Dick Haws, Special to the Des Moines Register
The Iowa Board of Regents, sometime during its meeting this Wednesday and Thursday, is expected to discuss with Iowa State University President Steven Leath his use of the two airplanes owned by ISU, a twin-engine, eight-seat King Air 350 and a single-engine, four-seat Cirrus SR22. Regent Subhash Sahai has said Leath has assured him he "will come clean" regarding the two airplanes.
Here are some of the questions I hope are answered:
Leath has said the Cirrus SR22 was purchased for $470,000, less a $28,000 trade-in, in July 2014, from a "discretionary account" he controls. He has said the account, made possible by contributions from ISU donors, is free to be used by the president as he sees fit to benefit ISU. How much money is in that account and what purchases, besides the airplane, have been made by Leath from it? Do the presidents at Iowa's other regents universities have such discretionary accounts? If so, how large are they and what purchases have they made from them? Is Leath's purchase of an airplane from this account in accord with Regent expectations?
Iowa State employs three pilots — one is paid $75,000 a year, one $80,000 a year, one $102,000 a year — and all are licensed to fly the Cirrus SR22. Leath also is licensed to fly the Cirrus SR22. How many times have any of ISU's three pilots flown the Cirrus SR22 since it was purchased by Leath in 2014? If their answer is, "Hardly at all," does this mean that the Cirrus SR22 is, in effect, Leath's personal airplane?
Leath has said, after the "hard" landing he had in the Cirrus SR22 at the Bloomington, Ill., airport in July 2015, that he immediately notified the Bloomington control tower, the ISU Flight Service, and, subsequently, the FAA and Iowa Regents President Bruce Rastetter. The accident did about $14,000 damage to the airplane. But it wasn't until more than a year later that the public learned of it, and only because of media reporting. No regents have come forward to say that Rastetter told any of them about the accident before it was reported in the media. Considering the current hue and cry about the accident, do Leath and Rastetter now believe it would have been wiser to have been forthcoming about the incident as soon as it happened?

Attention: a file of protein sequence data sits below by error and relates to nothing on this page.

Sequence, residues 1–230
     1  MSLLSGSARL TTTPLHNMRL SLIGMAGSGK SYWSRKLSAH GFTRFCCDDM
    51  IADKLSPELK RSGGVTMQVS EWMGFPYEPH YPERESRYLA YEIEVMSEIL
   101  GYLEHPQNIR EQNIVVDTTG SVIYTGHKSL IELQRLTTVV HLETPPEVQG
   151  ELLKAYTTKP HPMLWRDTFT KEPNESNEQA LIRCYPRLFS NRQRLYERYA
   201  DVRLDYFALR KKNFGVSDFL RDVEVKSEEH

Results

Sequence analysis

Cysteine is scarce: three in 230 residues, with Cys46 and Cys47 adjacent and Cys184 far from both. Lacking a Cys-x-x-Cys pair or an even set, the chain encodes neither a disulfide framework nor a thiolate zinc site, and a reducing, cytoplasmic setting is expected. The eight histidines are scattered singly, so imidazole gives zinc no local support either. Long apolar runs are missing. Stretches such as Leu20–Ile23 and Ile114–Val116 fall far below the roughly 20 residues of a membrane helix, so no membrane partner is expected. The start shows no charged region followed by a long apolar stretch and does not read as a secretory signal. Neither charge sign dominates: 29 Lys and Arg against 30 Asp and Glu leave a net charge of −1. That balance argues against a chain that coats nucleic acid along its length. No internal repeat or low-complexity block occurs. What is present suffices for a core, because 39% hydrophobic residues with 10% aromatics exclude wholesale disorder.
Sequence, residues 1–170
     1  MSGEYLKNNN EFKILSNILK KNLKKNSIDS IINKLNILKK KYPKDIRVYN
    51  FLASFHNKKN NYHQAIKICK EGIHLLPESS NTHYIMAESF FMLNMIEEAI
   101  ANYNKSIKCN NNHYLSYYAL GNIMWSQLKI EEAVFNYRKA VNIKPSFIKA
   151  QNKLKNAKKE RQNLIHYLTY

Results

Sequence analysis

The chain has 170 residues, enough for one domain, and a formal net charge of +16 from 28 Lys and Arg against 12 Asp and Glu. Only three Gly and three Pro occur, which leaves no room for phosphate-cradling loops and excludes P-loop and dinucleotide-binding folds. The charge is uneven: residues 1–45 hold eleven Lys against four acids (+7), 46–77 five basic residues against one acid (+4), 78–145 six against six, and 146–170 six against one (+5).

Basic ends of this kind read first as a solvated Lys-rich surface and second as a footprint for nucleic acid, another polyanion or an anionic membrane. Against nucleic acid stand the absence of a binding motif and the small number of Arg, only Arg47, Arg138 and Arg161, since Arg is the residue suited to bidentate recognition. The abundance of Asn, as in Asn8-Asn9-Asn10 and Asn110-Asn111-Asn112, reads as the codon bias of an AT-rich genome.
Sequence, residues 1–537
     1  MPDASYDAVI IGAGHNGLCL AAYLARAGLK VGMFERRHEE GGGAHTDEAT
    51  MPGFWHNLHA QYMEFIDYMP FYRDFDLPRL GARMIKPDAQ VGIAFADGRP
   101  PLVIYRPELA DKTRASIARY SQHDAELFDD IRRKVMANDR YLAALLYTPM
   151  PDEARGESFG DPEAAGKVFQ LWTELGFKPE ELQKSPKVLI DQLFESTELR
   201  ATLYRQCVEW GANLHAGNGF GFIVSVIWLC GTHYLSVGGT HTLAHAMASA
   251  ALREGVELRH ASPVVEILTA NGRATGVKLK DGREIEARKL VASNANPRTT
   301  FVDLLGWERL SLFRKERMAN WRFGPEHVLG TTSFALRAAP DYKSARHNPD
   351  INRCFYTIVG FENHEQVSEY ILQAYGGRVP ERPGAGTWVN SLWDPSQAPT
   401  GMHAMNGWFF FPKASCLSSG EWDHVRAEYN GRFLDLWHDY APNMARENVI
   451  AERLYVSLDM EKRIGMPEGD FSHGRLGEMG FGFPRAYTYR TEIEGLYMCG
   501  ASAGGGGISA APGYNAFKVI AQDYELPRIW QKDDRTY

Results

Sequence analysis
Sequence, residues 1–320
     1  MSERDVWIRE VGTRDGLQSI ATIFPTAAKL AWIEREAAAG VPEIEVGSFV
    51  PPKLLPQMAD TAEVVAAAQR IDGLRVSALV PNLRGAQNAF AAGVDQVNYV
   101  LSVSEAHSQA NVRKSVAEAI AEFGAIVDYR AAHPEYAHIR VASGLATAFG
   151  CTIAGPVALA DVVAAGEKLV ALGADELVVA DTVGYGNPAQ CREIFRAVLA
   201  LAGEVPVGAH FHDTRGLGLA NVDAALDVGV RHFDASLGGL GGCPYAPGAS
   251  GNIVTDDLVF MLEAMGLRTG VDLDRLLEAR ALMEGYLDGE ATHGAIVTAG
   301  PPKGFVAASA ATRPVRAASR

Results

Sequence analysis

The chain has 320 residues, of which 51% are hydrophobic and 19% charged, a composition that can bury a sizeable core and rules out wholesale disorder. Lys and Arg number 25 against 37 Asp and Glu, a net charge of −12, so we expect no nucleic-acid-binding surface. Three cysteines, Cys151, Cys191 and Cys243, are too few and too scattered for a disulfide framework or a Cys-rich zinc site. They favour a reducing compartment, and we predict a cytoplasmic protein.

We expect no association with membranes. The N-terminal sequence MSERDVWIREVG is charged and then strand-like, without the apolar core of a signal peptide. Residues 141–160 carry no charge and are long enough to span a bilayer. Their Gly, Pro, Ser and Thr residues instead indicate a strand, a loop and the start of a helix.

Leath has said he and his wife, Janet, flew in the larger plane, the King Air 350, to New York City when the ISU men's basketball team was playing in the NCAA tournament in March 2014. Once in the air, the Iowa State pilot said he planned to stop at Elmira, N.Y., to refuel. It just so happened, Leath has said, that his brother and sister-in-law lived only 30 minutes from the Elmira airport. They quickly drove over to the Elmira airport and flew with the Leaths to New York City for the basketball game. On the return to Ames, the plane made another refueling stop at Elmira and dropped Leath's brother and sister-in-law off. Were the Leath relatives charged for the round-trip flight between Elmira and New York City? If so, how much was it? Have other Leath relatives, other than from from his immediate family, flown on an ISU plane? If so, have they been charged for it? And have Leath friends — those who wouldn't be considered potential donors, like professional archer John Dudley — flown with the president on ISU airplanes and, if so, have they been charged for the flights?
Leath has said he's been a licensed pilot for nearly 10 years. He says he had an earlier "hard" landing, this time when flying a private airplane. Is this frequency of "hard" landings — two in about 10 years — unusual for a pilot?
From my perspectives, answers to questions like these should help put the issue of the ISU airplanes in the background.
Dick Haws is a retired journalism professor at ISU.
Regent praises Leath: 'A ding on an airplane wing is not going to mess up the good work that's been done'